By Ikram Junaidi
ISLAMABAD: European Union election observers speak to officials during their visit to a polling station on Wednesday. The European Union’s Ambassador to Pakistan, Jean Fracois Cautain, tweeted: “Already observed with my colleague Elisa a good number of polling stations both in rural and urban Punjab.”—AFP
ISLAMABAD: The chief observer of the European Union Election Observation Mission to Pakistan, Michael Gahler, has said that apart from a few incidents of terrorism, the overall situation of the general election was satisfactory.
“Our observers visited as many as 300 polling stations in 87 constituencies and I have personally visited four polling stations. Though we will release our preliminary report on Friday and a detailed report will be released later after assessing the overall situation, there is improvement as compared to the previous election held in 2013,” he said while talking to reporters outside Ammar Khan Shaheed Model School for Boys in Sector G-10/3 on Wednesday.
He said that as many as 50 recommendations were given by the mission after the 2013 elections, out of which 36 were implemented or included in the electoral law.
When asked that some political parties were complaining that they were not given a level playing field, Mr Gahler said that the mission could not get access for a month due to which it was mostly depending on media reports.
He said that according to his assessment, the army was deployed under a code of conduct and it was strictly following it.
Mr Gahler also visited a polling station and asked a number of questions from presiding officer Muhammad Yousuf, who is a faculty member at the Federal Urdu University.
Earlier, while visiting Islamabad Model College for Girls F-6/2, Mr Gahler said that as many as 60 EU observers were working across the country, apart from Balochistan and the Federally Administered Tribal Areas (Fata).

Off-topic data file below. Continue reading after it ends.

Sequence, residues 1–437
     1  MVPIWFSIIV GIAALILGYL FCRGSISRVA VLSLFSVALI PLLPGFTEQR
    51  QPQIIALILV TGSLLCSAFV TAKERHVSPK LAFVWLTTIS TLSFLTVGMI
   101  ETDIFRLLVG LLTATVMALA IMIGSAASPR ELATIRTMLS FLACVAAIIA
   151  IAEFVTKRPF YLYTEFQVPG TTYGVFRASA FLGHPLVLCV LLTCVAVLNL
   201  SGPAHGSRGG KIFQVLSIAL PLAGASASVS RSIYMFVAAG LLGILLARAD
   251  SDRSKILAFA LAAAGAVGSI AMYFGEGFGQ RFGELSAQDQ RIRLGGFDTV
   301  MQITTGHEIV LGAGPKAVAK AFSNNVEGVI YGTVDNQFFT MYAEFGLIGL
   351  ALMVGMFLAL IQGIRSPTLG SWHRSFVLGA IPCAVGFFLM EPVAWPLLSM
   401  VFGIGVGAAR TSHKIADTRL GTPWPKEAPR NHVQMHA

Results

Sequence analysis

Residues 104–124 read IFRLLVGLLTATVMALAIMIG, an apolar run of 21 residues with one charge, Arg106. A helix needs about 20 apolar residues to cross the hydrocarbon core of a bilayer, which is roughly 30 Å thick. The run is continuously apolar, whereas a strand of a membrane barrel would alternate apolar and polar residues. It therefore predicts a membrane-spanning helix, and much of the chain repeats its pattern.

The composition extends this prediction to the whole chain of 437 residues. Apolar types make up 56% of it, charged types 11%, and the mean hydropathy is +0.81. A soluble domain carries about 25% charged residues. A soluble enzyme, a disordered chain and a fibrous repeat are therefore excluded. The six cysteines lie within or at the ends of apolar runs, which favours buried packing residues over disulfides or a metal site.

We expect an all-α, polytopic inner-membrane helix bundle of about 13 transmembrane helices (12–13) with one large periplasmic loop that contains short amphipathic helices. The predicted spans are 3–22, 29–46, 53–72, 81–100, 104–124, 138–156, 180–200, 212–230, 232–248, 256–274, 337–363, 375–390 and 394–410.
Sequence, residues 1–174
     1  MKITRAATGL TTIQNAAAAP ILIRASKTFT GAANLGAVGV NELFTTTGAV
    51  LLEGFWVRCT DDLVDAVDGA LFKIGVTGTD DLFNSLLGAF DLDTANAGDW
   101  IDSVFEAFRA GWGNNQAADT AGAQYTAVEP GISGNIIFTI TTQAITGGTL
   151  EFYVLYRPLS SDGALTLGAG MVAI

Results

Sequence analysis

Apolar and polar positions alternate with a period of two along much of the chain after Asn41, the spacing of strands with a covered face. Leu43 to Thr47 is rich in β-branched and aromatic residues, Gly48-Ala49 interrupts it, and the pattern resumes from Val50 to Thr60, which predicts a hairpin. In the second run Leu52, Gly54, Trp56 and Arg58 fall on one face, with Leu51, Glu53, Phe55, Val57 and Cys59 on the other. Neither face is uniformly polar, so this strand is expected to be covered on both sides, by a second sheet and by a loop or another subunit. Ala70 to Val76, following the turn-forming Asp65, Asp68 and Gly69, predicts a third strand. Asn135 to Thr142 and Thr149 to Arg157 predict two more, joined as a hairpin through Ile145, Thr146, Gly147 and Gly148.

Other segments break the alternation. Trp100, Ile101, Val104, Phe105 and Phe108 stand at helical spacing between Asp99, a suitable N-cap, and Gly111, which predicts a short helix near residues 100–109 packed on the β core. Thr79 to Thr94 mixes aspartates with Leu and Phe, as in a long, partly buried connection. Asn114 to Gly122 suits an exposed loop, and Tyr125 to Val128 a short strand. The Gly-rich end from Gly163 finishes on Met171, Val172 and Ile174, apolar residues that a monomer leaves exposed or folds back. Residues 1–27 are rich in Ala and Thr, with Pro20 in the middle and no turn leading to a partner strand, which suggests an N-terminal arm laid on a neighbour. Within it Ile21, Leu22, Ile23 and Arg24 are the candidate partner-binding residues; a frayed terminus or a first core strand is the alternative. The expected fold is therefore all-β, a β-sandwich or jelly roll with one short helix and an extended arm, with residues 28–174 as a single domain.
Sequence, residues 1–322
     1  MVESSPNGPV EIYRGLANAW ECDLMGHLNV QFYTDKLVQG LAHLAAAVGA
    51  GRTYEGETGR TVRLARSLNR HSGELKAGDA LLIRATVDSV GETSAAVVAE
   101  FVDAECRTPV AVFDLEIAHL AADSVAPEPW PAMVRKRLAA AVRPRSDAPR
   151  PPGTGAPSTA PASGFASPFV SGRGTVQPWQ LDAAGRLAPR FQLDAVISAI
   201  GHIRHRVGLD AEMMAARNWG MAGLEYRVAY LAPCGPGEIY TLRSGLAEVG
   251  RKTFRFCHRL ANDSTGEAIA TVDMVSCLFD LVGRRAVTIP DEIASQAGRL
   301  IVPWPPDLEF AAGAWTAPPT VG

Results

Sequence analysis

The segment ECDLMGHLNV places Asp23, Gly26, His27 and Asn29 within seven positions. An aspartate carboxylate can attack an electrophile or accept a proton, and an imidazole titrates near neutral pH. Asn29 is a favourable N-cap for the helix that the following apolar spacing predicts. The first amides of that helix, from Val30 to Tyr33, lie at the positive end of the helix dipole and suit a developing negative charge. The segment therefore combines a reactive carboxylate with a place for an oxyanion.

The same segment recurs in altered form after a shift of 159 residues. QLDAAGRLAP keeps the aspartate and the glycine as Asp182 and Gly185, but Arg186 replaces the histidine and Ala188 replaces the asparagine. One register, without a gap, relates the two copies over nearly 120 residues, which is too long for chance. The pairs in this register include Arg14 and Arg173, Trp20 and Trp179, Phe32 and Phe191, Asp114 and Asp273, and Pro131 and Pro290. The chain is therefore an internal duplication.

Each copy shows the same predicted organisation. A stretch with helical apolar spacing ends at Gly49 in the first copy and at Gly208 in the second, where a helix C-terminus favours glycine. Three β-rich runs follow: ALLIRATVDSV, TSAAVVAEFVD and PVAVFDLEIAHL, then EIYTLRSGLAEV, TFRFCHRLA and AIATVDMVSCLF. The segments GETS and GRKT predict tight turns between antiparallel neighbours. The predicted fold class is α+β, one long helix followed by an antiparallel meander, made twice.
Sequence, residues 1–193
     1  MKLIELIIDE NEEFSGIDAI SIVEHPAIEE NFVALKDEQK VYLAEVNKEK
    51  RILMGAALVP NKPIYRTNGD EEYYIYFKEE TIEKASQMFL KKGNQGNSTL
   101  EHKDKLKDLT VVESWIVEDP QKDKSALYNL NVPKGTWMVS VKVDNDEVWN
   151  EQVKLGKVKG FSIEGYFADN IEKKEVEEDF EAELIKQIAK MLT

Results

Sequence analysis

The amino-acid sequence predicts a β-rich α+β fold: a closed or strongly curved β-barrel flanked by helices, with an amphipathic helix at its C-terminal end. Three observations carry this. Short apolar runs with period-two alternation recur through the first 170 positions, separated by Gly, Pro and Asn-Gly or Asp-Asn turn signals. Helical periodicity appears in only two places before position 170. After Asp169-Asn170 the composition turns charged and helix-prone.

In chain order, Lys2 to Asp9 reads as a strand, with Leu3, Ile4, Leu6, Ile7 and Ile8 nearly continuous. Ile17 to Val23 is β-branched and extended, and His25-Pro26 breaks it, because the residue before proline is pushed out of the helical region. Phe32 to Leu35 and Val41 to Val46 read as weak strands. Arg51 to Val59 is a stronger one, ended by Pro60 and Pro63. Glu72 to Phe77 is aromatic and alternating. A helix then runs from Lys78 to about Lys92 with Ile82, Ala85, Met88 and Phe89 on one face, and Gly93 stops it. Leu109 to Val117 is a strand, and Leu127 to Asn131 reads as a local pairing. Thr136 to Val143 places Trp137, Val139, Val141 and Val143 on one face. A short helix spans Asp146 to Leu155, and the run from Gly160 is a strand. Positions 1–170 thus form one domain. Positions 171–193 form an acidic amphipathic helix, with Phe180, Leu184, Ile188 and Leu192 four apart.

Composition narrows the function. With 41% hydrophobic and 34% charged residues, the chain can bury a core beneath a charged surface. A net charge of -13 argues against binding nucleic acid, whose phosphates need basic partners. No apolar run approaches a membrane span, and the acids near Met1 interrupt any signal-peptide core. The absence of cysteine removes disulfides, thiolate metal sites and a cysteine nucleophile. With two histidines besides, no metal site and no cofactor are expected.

“We have observed smooth polling and many of our recommendations seem to be implemented and the security situation seems improved. However, we condemn the incident of Quetta where people who were electing their future leadership was attacked,” he said.
“This is a deplorable and cowardly attack on a day when voters across Pakistan should be casting their ballots in a peaceful environment, without fear or hindrance,” said Mr Gahler.
“Violence must not undermine the elections and the democratic process. Our thoughts are with the victims and their families, and the people of Pakistan,” he added.
C’wealth group condemns Quetta attack
Meanwhile, the chairman of the Commonwealth Observer Group, General Abdulsalami A. Abubakar, condemned the suicide attack that occurred near a polling station in Quetta on Wednesday in which at least 31 people lost their lives and many others were injured.
Mr Abubakar offered condolences to the grieving families and hoped for quick recovery of the injured.
“This attack must not undermine the democratic exercise currently under way in Pakistan. We continue to stand in solidarity with the people of Pakistan today as they exercise their [right to] franchise,” he said.